You braved the cold, waited in line, then raised your hand or scribbled a makeshift ballot when asked to do so. You went home satisfied, and perhaps intrigued by the taste of grassroots politics.
Did you notice that, days later, it was impossible to say precisely how many Coloradans caucused on Feb. 5, Super Tuesday? El Paso County, the state's most populous, was a bipartisan epicenter for unreported precincts.
On the Democratic side, results from 21 of the county's 387 precincts were still a mystery early this week. John Morris, the county's Democratic Party chair, says the plan was for site coordinators at 57 caucus locations to call in results so they could be added up, sent to state party officials, then broadcast across the nation.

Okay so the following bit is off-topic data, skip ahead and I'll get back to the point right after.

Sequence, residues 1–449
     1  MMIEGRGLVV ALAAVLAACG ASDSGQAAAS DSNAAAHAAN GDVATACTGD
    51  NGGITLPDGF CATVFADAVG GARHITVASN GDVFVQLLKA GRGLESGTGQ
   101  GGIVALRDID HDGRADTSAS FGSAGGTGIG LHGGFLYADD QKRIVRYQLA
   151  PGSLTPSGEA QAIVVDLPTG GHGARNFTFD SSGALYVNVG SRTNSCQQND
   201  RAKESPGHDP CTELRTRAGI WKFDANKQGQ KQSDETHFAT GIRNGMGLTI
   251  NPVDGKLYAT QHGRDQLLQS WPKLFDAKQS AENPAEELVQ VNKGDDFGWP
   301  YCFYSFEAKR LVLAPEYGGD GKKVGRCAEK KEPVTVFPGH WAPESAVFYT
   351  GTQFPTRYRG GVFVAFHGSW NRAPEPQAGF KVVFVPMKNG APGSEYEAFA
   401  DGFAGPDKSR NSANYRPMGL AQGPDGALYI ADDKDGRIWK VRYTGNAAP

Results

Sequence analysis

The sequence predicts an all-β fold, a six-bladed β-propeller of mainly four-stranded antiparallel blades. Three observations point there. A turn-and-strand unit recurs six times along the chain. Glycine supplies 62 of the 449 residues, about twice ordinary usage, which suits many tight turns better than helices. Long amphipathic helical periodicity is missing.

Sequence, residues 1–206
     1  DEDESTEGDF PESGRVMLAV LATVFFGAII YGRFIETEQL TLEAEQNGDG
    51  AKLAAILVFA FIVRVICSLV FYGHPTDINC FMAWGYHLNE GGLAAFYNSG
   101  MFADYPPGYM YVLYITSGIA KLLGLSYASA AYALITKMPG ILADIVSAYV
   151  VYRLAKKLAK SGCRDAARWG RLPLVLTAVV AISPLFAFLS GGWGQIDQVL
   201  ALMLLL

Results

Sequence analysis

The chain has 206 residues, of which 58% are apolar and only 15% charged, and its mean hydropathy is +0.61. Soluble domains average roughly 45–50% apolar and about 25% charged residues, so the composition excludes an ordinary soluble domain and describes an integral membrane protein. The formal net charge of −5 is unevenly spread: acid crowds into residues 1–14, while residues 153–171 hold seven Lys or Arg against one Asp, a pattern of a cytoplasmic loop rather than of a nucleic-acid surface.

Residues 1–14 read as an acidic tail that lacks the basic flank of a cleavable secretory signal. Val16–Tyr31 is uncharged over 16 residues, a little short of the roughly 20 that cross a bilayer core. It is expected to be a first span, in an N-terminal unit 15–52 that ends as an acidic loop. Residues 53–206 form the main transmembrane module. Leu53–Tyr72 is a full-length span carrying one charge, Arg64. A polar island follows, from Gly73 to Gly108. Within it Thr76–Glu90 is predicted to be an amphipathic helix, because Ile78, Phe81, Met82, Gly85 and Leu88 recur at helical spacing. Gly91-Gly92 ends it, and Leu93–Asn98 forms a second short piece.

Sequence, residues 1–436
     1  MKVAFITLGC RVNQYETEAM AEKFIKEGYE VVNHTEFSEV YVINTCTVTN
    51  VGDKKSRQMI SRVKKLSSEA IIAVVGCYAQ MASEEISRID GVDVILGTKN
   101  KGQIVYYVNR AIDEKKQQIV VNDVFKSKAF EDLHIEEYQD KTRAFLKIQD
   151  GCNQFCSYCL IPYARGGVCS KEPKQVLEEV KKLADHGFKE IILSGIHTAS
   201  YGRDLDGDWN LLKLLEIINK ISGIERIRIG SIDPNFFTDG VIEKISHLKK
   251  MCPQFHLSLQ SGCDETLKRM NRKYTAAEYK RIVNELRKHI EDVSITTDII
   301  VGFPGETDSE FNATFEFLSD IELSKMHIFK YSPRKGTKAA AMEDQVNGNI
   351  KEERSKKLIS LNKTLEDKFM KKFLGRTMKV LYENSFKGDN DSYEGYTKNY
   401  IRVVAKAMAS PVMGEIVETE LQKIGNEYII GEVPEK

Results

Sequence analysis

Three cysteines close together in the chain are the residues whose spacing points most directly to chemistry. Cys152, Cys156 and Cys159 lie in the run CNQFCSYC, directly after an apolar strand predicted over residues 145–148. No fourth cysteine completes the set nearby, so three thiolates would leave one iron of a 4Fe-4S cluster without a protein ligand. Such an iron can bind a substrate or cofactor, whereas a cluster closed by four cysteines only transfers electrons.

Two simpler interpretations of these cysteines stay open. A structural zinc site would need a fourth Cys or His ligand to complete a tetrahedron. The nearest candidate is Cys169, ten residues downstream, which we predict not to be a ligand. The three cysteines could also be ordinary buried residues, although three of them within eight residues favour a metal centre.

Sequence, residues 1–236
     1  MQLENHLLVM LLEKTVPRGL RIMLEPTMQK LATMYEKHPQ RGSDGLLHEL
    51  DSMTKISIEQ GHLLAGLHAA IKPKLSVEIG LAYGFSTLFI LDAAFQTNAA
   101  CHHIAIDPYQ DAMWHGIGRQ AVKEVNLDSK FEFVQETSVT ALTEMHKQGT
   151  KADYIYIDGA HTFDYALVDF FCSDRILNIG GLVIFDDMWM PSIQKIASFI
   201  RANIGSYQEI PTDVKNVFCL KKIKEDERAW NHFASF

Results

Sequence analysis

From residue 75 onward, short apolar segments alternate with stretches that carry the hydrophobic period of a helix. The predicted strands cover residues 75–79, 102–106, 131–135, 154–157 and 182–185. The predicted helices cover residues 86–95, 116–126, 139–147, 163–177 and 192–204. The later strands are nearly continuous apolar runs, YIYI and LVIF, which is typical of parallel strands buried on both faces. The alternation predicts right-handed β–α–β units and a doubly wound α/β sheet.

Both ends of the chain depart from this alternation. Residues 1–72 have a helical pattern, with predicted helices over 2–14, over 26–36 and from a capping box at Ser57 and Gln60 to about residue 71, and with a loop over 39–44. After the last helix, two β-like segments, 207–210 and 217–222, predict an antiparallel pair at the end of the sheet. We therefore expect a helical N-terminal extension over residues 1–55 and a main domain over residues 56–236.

Morris says it's not clear if some coordinators forgot their calls, or how else the results from 21 precincts went astray.
The next day, with no clear view of which precincts were missing, local officials moved on to verifying each precinct's delegates for the county convention and assembly Feb. 23.
The Feb. 5 numbers, Morris says, are strictly for the media; the big thing for the party is getting the county delegates sorted.
Morris expects 1,500 elected delegates at that meeting, compared to 400 or 500 four years ago. They will choose 390 delegates to May's state convention, where 55 pledged delegates will be picked for August's national convention.
A few other counties had one to three precincts not reported for the Democrats by Monday.
For Republicans, 18 El Paso County precincts and 20 in Arapahoe County were not initially reported, though many of those had been counted by this week.
"Ultimately," Morris assures, "we will know the answer to all your questions."
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